Scottish Opera are an excellent small opera company, but with limited funding they can only do five full scale operas a year. However, they do have an active touring programme to smaller towns, The Wee Review reported on their latest tour last month, and they also do excellent schools and outreach programmes. In addition, they do regular concert operas at their base, the Theatre Royal in Glasgow. This Sunday afternoon it is a programme called From Russia With Love – a selection of scenes and arias from Russian operas, no doubt occasioned by the centenary of the Russian Revolution. The concert is done in coalition with The National Opera Studio which has an annual residency with Scottish Opera where many of the best young singers in Britain gain experience with our national opera company.
The first half comprises scenes from lesser known Russian operas, beginning with Rimsky-Korsakov’s The Golden Cockerel where a very good counter-tenor Feargal Mostyn-Williams sings the Astrologer and also manages a very good cartwheel! He is ably assisted by Carly Owen as the Queen of Shemakha. As in all the operatic sketches the singers not only sing well but act convincingly. They are ably supported by very effective staging using the backdrop of Jonathan Dove’s Flight (to be reviewed soon) but with individual props and business.
Rimsky-Korsakov’s little known Kaschey The Immortal provides the second aria for Bethan Langford, also very well sung; Tchaikovsky’s The Little Slippers provides the stage for Bechara Moufarrej and Carly Owen to give us lots of fun and some fine singing; and finally, we have two scenes from Stravinsky’s The Rake’s Progress with Andrew Henley and Edmund Danon and Lorena Paz Nieto, a petite Spanish soprano with an excellent voice.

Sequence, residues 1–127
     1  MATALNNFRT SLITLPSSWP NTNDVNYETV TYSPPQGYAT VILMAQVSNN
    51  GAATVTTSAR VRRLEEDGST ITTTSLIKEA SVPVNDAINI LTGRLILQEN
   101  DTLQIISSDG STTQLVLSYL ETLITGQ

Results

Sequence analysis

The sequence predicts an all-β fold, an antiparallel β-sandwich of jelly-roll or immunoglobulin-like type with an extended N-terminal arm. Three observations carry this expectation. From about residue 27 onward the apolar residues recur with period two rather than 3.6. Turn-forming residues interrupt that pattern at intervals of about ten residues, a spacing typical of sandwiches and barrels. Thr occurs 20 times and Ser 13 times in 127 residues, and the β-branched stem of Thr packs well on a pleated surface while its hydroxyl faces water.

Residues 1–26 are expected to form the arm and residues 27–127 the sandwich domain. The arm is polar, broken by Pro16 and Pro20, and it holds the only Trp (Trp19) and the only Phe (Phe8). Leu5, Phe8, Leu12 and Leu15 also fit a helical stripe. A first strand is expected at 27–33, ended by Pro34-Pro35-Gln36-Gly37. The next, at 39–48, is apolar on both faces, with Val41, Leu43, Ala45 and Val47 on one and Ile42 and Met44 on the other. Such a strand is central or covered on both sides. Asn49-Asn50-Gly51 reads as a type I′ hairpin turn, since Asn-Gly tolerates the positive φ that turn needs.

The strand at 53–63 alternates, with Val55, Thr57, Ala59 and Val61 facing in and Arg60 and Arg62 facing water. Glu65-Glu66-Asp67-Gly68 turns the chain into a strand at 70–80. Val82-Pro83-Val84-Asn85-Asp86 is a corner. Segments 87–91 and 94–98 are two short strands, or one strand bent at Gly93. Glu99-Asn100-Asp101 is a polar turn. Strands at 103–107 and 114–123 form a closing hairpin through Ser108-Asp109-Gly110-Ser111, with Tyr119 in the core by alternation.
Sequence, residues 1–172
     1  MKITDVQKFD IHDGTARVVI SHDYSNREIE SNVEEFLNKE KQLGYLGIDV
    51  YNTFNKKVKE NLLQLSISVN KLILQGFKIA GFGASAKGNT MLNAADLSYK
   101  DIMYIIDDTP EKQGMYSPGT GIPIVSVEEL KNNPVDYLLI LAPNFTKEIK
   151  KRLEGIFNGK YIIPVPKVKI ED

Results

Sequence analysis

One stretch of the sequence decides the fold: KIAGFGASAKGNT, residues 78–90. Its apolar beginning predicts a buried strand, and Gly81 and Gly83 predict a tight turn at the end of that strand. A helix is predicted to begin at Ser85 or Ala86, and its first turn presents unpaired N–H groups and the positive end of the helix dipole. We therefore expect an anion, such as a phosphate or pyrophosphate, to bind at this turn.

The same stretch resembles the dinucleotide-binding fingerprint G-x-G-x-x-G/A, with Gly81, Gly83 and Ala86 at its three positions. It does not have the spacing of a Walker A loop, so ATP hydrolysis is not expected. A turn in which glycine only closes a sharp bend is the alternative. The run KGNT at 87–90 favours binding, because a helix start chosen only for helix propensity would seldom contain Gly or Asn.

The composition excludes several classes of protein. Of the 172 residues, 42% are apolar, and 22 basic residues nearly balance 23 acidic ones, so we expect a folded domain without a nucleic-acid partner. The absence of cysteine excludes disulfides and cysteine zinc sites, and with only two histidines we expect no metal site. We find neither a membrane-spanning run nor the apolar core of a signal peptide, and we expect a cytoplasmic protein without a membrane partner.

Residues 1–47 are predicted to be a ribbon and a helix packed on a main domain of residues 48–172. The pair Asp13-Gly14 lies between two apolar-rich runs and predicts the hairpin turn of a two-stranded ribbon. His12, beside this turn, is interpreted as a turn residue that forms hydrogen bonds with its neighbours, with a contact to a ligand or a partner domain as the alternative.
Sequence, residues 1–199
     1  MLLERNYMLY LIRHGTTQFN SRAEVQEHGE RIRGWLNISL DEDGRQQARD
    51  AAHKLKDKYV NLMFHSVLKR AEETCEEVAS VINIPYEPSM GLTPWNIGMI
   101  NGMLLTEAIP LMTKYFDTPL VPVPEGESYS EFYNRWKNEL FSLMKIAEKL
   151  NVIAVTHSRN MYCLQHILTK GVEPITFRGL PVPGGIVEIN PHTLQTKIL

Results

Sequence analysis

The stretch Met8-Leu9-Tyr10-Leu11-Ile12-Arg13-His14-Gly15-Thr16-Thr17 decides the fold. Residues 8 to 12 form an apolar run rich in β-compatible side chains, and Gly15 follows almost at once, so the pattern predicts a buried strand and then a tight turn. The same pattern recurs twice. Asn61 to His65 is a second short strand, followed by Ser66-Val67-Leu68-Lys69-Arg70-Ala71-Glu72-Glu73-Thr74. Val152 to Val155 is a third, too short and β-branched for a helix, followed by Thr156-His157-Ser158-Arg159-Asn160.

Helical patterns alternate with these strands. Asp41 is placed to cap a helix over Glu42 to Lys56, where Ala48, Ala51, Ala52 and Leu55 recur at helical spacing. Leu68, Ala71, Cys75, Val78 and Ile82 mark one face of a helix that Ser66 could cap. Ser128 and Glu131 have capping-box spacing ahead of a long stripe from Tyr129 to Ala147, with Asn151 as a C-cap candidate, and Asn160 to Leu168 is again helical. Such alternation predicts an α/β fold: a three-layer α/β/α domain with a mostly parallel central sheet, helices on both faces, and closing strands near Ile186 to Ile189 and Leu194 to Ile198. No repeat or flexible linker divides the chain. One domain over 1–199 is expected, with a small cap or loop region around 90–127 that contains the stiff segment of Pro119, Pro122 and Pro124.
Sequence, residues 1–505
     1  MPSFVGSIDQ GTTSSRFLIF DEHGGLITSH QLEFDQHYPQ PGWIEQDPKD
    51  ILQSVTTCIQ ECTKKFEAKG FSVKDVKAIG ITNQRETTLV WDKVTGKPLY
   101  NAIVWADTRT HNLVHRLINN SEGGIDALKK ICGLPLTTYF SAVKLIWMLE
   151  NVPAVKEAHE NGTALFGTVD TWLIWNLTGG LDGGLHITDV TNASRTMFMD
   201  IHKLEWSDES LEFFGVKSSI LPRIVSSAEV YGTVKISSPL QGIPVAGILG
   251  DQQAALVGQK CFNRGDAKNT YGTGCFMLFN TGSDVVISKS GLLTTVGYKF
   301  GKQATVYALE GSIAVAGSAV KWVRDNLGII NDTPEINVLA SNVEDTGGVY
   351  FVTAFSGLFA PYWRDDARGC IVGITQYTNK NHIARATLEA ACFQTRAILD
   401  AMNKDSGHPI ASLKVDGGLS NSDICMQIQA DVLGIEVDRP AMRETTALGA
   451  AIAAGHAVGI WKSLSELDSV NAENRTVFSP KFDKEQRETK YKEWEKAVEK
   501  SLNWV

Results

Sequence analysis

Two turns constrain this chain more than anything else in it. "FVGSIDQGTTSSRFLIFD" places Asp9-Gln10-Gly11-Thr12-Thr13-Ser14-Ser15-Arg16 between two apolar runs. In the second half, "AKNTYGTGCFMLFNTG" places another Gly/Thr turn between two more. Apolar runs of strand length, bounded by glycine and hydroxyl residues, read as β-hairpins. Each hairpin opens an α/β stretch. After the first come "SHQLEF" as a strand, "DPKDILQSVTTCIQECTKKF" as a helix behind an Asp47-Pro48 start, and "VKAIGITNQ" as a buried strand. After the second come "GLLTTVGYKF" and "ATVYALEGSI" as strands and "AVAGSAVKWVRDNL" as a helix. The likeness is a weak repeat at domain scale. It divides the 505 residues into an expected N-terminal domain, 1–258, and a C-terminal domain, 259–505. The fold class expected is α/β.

After the interval we have some better known Russian operas, starting with a British/Russian one, William Walton’s little performed The Bear, based on a Gogol short story. In this scene, Sinead O’Kelly plays Madame Popova, singing a lament to her dead husband, but recounting hilariously how unfaithful he had been during their marriage, including 100 letters from his mistresses. This is accompanied by a chorus of women brandishing #MeToo placards!
This is followed by scenes from the great Khovanshchina, composed by Mussorgsky but completed by Rimsky-Korsakov and arranged by Shostakovich – quite a pedigree! Following an aria from Boris Gudonov, the evening concludes with perhaps the finest and most performed Russian opera, Tchaikovsky’s Eugene Onegin with Indonesian tenor Satriya Krisna singing Lensky’s great aria and then the duel scene with Emyr Wyn Jones and Danon.
The scenes are accompanied by the Scottish Opera Orchestra under the baton of Stuart Stratford and aided by excellent subtitles. Scottish Opera has shown yet again that you can make opera convincing with minimum props, but above all with excellent young singers, the future of opera looks bright!